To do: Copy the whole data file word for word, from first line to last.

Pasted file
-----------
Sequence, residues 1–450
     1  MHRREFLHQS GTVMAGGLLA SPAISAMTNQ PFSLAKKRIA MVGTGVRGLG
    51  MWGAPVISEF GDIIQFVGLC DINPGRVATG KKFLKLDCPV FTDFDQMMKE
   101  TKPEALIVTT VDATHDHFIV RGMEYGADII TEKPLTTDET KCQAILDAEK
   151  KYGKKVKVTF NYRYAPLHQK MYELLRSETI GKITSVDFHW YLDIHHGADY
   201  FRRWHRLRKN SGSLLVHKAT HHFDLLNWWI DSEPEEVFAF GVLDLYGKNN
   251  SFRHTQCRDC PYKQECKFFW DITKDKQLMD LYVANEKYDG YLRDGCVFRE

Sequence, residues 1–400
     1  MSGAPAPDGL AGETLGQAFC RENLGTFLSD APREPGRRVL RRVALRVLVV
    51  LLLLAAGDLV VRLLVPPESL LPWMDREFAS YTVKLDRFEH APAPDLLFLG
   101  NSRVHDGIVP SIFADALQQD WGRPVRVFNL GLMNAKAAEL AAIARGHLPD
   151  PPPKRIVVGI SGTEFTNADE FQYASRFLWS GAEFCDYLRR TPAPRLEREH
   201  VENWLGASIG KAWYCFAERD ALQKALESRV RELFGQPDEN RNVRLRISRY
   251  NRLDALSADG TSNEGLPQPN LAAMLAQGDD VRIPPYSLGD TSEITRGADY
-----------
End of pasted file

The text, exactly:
Sequence, residues 1–450
     1  MHRREFLHQS GTVMAGGLLA SPAISAMTNQ PFSLAKKRIA MVGTGVRGLG
    51  MWGAPVISEF GDIIQFVGLC DINPGRVATG KKFLKLDCPV FTDFDQMMKE
   101  TKPEALIVTT VDATHDHFIV RGMEYGADII TEKPLTTDET KCQAILDAEK
   151  KYGKKVKVTF NYRYAPLHQK MYELLRSETI GKITSVDFHW YLDIHHGADY
   201  FRRWHRLRKN SGSLLVHKAT HHFDLLNWWI DSEPEEVFAF GVLDLYGKNN
   251  SFRHTQCRDC PYKQECKFFW DITKDKQLMD LYVANEKYDG YLRDGCVFRE

Sequence, residues 1–400
     1  MSGAPAPDGL AGETLGQAFC RENLGTFLSD APREPGRRVL RRVALRVLVV
    51  LLLLAAGDLV VRLLVPPESL LPWMDREFAS YTVKLDRFEH APAPDLLFLG
   101  NSRVHDGIVP SIFADALQQD WGRPVRVFNL GLMNAKAAEL AAIARGHLPD
   151  PPPKRIVVGI SGTEFTNADE FQYASRFLWS GAEFCDYLRR TPAPRLEREH
   201  VENWLGASIG KAWYCFAERD ALQKALESRV RELFGQPDEN RNVRLRISRY
   251  NRLDALSADG TSNEGLPQPN LAAMLAQGDD VRIPPYSLGD TSEITRGADY